★★★★★ | Bug

In a run down motel room in Oklahoma City, cocktail waitress Agnes is killing time, hitting the bottle and smoking a little crack with her lesbian friend R.C. Hiding from her violent ex and trying to numb the pain of her past; the evening takes a sudden unexpected turn when a stranger arrives.

CREDIT: Simon Annand

Found 111 is an intimate new theatre space on Charing Cross Road that perfectly suits Tracy Letts’ gripping and claustrophobic 1996 play. The audience are all around the four sides of the tiny motel room and the actors are within touching distance. The airless heat of the room built up as the tension ramped higher and it becomes appropriately oppressive. By Act Two the audience itches and scratches and bristles with tension as the characters descend into a deranged scenario. Theatre doesn’t often feel as real as this. The play is gruesome, disturbing but darkly comical which is what you’d expect from Letts; the author of hit films Killer Joe and August: Osage County.

There was a major distraction for me in Bug in the form of the handsome James Norton (Happy Valley, War and Peace, Grantchester) who was playing the stranger. He was so close to me at points, stripped down to a pair of baggy boxer shorts and displaying an admirable torso, that I almost had to sit on my hands before a restraining order was issued. My lustiness aside: Norton is a very fine actor. It’s a testament to his skills that in spite of his ubiquitous presence on our televisions, he subsumes the character with ease and his familiar face doesn’t make the viewer think of his other roles. He portrays a brooding ex-soldier with a polite gentlemanly manner and a burgeoning psychosis. He doesn’t miss a beat and unfailingly does justice to this tightly scripted piece.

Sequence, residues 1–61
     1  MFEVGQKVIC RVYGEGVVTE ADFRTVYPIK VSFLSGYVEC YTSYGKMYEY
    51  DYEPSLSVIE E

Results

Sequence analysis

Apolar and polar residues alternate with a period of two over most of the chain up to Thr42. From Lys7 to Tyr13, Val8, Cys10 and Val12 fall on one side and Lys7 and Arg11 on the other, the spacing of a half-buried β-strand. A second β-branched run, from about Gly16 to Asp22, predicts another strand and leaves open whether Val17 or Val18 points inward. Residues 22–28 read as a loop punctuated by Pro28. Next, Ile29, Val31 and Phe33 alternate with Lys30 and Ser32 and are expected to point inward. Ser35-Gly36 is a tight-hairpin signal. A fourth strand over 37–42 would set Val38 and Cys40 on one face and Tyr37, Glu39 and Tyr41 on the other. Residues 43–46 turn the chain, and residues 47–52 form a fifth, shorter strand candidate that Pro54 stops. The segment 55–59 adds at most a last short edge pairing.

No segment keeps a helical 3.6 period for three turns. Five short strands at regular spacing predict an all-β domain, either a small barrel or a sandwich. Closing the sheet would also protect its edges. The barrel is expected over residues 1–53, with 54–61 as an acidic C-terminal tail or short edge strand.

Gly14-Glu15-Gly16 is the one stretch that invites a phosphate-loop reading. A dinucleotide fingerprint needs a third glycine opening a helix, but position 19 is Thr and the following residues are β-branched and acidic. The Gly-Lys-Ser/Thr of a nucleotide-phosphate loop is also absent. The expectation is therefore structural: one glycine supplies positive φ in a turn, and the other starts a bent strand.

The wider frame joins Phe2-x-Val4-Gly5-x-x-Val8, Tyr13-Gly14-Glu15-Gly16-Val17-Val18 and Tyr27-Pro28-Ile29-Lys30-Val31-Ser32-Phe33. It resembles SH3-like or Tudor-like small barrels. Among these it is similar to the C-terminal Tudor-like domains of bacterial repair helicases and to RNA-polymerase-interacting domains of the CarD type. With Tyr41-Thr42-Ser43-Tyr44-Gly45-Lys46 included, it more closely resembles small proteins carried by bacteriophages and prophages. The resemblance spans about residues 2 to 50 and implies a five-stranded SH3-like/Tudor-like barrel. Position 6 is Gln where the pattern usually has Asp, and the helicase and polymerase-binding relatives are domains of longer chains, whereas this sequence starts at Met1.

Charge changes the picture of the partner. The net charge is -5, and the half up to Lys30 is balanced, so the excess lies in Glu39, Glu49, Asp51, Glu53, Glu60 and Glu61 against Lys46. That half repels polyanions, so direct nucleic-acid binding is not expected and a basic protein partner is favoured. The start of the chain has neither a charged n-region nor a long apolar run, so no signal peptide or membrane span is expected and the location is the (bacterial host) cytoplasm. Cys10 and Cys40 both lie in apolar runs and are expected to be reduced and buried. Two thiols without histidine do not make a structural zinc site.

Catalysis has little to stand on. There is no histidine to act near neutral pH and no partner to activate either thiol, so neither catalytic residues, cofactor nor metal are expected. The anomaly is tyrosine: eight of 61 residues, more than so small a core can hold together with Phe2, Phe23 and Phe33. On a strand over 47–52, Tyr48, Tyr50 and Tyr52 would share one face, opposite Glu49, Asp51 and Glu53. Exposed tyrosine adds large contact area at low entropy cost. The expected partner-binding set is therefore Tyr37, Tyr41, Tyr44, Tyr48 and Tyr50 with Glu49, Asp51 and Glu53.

CREDIT: Simon Annand

Equally superb is his co-star Kate Fleetwood (Medea, High Society, London Road). She’s all spiky edges and nervous tics as she prowls the room in hot pants and heels, toking on cigarettes and swigging wine. Any actor or actress who can draw my attention to their face whilst James Norton is on stage wearing very little, has to be a skilled practitioner indeed. Fleetwood is hypnotic and the interplay between the two characters is a master class in top quality acting.

This is definitely a 5 star show. Credit has to go to director Simon Evans for bringing this twenty-year-old piece to life and making it feel so fresh, vibrant and relevant. This isn’t an evening’s light entertainment but nor is it doomy and grim. There’s plenty of humour too. Just expect to leave the theatre feeling a little itchier and a little sweatier than when you first arrived.


Bug is playing at Found 111, London, until 7th May.